Old power supplies still seeing some form of use?

I just had to use my oldest power supply today, and it made me wonder if anyone else has old PSUs still seeing use, whether that be in a PC, or in some other manner.

My oldest is from 1996 if I recall correctly (EDIT….looking at the pic it looks like its actually from 1997). It was from my parents PC that they got when I was in living at home and powered a pentium pro 200mhz and was used until the early 2000s. Eventually I got them a better computer used, and while most of the PC was disposed of I grabbed the PSU. I modified it to have the 12v lines and grounds to the top in terminals for general use. I later added a 5v post as well. It sees use probably once a month for 12v air matress pumps, 12v air compressor for tires, or just playing around with fans and whatnot. Using the compressor for tires often shuts it down, but after a few tries it runs...lol.

Any one else have old PSUs kicking around?

My handy dandy car adapter:

Dude that is awesome. I was using some old ones to test pumps here and there but never thought of converting one for home use.

Damn that psu is old I would of been 10 when you had that system. Think I was still running a 486 then think my sisters had pentiums  then and so did my brother haha.

Thanks for sharing this 🙂

@Soullessone21:

Dude that is awesome. I was using some old ones to test pumps here and there but never thought of converting one for home use.

Damn that psu is old I would of been 10 when you had that system. Think I was still running a 486 then think my sisters had pentiums  then and so did my brother haha.

Thanks for sharing this 🙂

Haha. Apparently I am not thinking this morning…I wasn't in high school (had to modify the original post). I would have been 14 if they got it in '97. It was the first family PC we had.

I will definitely be modifying another when this one eventually dies. I got the adapter from Radioshack as they were clearing many things out in the conversion to the source.

I'm impressed it still works, normally capacitors do not have that long of life spans.

@Arinoth:

I'm impressed it still works, normally capacitors do not have that long of life spans.

I am surprised as well. I doubt it would remain within any normal tolerances on any rail, but it works for my uses. I should open it up and see how the caps are looking out of curiosity.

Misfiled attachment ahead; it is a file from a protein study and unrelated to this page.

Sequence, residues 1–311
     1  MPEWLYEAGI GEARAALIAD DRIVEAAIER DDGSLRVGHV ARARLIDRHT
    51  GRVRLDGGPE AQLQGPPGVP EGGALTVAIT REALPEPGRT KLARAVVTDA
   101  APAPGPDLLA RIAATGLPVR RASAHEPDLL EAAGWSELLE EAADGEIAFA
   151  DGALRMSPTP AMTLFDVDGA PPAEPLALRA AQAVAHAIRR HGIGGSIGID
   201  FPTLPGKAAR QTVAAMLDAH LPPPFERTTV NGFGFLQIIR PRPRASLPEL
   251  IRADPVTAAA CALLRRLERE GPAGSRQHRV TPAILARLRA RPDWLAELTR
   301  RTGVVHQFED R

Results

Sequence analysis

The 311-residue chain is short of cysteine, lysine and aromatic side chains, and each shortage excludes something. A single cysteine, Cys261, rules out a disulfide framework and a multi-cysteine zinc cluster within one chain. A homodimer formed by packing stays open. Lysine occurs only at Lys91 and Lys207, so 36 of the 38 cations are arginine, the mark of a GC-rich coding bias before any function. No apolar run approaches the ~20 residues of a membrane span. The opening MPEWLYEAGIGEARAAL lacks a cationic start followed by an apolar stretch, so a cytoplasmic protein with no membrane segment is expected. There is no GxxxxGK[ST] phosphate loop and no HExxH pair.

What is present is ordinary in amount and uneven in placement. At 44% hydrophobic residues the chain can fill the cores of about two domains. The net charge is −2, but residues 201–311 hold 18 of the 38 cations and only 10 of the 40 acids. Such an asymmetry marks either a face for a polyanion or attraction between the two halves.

Surprisingly caps still look good. No bulges or leaks.

You can also see the green resistor in the back that I had to put in the 5v line to get it to stay on.

At work in one of our mobile control rooms I used a old one to power a Wilson cell phone booster. Worked great!

Also my cousin and I used one to power this car stereo system we installed into his snap-on tool box. That was a fun project. We used 2-6" and 2-6"x9" speakers.  This thing was really loud.

When I first moved into my house I used one for temporary stereo in my garage.

@Arinoth:

I'm impressed it still works, normally capacitors do not have that long of life spans.

For typical computer applications you should see 30 years from reasonable quality through-hole electrolytic capacitors that are not affected by the plague.
Surface-mount electrolytic caps seem to last more around 15-20 typically, depending on environmental conditions and tolerances in the circuit. Or at least, ones made 15-20 years ago are failing at this point.

As far as oldest PSU goes, it is no surprise to people here that I have an IBM 5150, Apple IIc, and a pair of Mac Pluses. Those are not even all that old!

@Oelmuvun:

For typical computer applications you should see 30 years from reasonable quality through-hole electrolytic capacitors that are not affected by the plague.
Surface-mount electrolytic caps seem to last more around 15-20 typically, depending on environmental conditions and tolerances in the circuit. Or at least, ones made 15-20 years ago are failing at this point.

As far as oldest PSU goes, it is no surprise to people here that I have an IBM 5150, Apple IIc, and a pair of Mac Pluses. Those are not even all that old!

Lets see some  photos of how  your old computers are holding up.

I have seen motherboards that have bloated and leaking caps when they are "only" 5-6 years old. I sure sometimes a lot sooner than that.

@Bond007:

I have seen motherboards that have bloated and leaking caps when they are "only" 5-6 years old. I sure sometimes a lot sooner than that.

https://en.wikipedia.org/wiki/Capacitor_plague
You can also kill an electrolytic capacitor faster by abusing it with lots of heat, voltage, etc.
Tantalum ones will explode with too much voltage or wrong polarity! hehehe

These pics are a couple years old, but work.
IBM 5150: (only has tants from the factory!)
http://www.poopr.org/images/4p69j2i2e6rl00h467jn.jpg
IBM 5160 PSU: (5160 PSU is higher output than 5150 PSU)
http://poopr.org/images/52160093804310368667.jpg
Apple IIc: (still mostly tants, stock)
http://www.poopr.org/images/x4uvjhc3vn5ao8a6wvo8.jpg

I do not have Macintosh Plus pics atm.

These are a couple of the boards that got tantalum capacitors to replace the old leaky SMT electrolytic ones.
LC 630: http://www.poopr.org/images/th1stvef3al7ee68hch.jpg
LC 575: http://www.poopr.org/images/10387421852135320505.jpg

Unrelated: (no, I have not started restoring it yet.)

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